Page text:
“There are always people at my trainings who say, ‘that will never happen here,’” Reilly concludes. “I tell them: This is a low-probability, high-consequence event – the chances of someone actually being involved in an active shooter event are very low, but if you are, the consequences are devastating.”

Read the original article at Security InfoWatch.

Security Info Watch – Market Focus: Government & Municipal Security

By Paul Rothman, Security Info Watch, December 12, 2014

For security integrators accustomed to dealing with corporate , education, healthcare and other vertical markets, government and municipal security is simply a different animal. “It is a specialized vertical market requiring a special sales and operations model,” confirms Barry Komisar, president of Birmingham, Ala.-based Vision Security Technologies. “It is different from other vertical markets.”

Navigating the many regulations, bidding processes and certifications to just be able to work with government and municipal clients may be a daunting task for security integrators; however, it can be quite rewarding once you figure out the lay of the land.

Getting Started

Richard Green, COO of Firstline Security Systems Inc., of Anaheim Calif., says that aligning the correct personnel, product lines and market research are strong key factors in moving forward in the government market. Training and knowledge related to the different departments requirements related to certifications and doing business is also a very important piece.

“Depending on the market you are targeting you might be required to have different certifications and expertise,” Green says. “An example of this would be if your organization is looking into providing services to a Sensitive Compartmented Information Facility (SCIF) with UL2050-related workloads. Because these facilities process classified information, you would then be required to have UL2050 certifications as well as certain clearances, backgrounds checks for the employees and certain support timeframe restraints. Reviewing this market section requires a considerable amount of thought so that you are not wasting valuable time, monies bidding projects, or offering supplied services to find out your organization does not meet criteria to be able to move forward with award.”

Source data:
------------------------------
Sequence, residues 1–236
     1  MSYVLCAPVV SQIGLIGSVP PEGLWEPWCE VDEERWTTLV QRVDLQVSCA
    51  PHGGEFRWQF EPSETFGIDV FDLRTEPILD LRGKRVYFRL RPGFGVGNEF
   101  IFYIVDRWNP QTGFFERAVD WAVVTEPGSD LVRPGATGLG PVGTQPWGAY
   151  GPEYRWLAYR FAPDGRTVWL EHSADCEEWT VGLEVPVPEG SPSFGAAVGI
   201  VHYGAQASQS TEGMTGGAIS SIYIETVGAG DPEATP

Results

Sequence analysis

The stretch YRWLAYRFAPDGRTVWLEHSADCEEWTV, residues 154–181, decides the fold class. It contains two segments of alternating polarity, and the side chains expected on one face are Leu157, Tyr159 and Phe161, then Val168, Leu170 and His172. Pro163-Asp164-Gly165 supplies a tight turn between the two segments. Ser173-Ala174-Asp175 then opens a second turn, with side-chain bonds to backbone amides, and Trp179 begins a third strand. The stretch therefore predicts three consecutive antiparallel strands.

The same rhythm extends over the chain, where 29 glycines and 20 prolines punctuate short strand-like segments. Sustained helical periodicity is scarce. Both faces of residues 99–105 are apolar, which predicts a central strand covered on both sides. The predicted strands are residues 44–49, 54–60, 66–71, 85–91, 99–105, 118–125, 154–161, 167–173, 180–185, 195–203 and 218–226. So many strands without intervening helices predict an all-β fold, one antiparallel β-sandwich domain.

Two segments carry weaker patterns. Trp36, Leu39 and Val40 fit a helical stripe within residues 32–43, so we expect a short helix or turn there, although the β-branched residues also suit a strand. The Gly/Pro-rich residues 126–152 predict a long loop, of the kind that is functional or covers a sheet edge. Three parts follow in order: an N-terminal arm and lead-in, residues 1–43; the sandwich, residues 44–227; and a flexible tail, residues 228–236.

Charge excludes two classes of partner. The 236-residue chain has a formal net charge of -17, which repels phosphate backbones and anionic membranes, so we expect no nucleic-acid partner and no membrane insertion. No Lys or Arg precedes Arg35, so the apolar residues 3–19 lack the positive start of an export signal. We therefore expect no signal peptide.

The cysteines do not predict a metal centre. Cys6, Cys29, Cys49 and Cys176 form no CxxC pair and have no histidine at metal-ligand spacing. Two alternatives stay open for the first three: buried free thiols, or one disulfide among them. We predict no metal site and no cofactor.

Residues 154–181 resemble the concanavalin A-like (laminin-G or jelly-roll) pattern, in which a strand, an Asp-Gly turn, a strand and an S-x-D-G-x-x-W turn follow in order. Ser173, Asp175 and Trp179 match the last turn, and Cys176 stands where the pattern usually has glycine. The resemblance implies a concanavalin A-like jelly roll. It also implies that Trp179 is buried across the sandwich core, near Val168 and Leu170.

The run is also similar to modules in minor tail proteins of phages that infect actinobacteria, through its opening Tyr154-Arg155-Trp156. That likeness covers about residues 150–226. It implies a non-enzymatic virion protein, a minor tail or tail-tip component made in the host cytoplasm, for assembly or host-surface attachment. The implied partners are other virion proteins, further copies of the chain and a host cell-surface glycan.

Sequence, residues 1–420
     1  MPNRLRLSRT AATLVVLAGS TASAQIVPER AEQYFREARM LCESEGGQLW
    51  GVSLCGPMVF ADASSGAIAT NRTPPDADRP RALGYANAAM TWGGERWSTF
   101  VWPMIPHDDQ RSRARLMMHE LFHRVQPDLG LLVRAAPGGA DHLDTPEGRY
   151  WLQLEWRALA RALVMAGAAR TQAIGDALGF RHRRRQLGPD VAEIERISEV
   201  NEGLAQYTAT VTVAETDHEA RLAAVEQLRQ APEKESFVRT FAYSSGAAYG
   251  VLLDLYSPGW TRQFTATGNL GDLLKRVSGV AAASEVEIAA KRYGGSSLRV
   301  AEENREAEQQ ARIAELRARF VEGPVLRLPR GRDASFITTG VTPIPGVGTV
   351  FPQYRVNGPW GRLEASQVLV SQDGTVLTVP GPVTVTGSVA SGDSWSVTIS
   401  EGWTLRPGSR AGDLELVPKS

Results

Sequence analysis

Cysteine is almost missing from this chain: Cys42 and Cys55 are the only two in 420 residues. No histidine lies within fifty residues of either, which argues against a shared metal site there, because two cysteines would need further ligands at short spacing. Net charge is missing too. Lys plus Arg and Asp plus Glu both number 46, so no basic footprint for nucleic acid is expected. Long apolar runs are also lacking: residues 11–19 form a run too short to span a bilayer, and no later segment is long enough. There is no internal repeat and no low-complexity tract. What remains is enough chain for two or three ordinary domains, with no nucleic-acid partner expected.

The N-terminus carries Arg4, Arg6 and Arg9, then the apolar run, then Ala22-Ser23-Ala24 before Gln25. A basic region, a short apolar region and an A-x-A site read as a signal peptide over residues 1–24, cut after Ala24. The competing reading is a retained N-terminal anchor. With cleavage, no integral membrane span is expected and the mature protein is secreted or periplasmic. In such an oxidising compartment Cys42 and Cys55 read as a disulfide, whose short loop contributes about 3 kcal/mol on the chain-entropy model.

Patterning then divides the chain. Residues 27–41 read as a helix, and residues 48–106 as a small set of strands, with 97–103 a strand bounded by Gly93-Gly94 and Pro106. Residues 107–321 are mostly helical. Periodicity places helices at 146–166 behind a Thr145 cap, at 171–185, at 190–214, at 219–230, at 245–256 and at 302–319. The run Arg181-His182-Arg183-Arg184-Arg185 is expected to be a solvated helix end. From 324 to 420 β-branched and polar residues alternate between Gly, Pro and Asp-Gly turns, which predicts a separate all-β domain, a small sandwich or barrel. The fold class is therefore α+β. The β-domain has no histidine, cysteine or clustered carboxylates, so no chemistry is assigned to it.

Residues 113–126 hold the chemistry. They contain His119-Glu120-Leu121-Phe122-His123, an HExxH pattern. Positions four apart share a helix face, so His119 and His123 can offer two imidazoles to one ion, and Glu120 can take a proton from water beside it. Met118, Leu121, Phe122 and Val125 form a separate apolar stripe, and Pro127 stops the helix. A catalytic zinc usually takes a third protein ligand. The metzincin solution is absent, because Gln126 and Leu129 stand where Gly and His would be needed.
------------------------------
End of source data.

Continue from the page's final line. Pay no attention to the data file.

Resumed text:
It is also important to obtain certain certifications or statuses as a company, such as Small Business Administration 8a Small Business, Small Disadvantaged Business, Women Owned, Service Disabled Owned, Native American Owned, or to operate the company’s headquarters in a HubZone, which the federal government recognizes as historically underutilized business zones, explains Enrique Olivares, VP of APL Access & Security Inc., of Gilbert, Ari. “In addition, a GSA Contract can prove helpful,” Olivares adds. “Obtaining SBA 8a Small Business Status is the most powerful, as it also provides valuable training, but it is only good for nine years and cannot be renewed.”

One key is to use all of the resources available to their fullest extent. According to Don Gross, a product manager for Honeywell, once an integrator becomes familiar with applicable regulations and certifications — whether they come from the Department of Defense or any other military or government body — they should look to partner with a manufacturer that meets those exact regulations with already-certified and approved equipment and solutions. Integrators should also consider manufacturer-offered training and certification as well as dealer programs for those solutions

Gross adds that manufacturers can become a trusted partner of the integrators themselves. “Many times, integrators reach out directly to us to potentially partner on a specific project that they know about,” he says.

Pitfalls to Avoid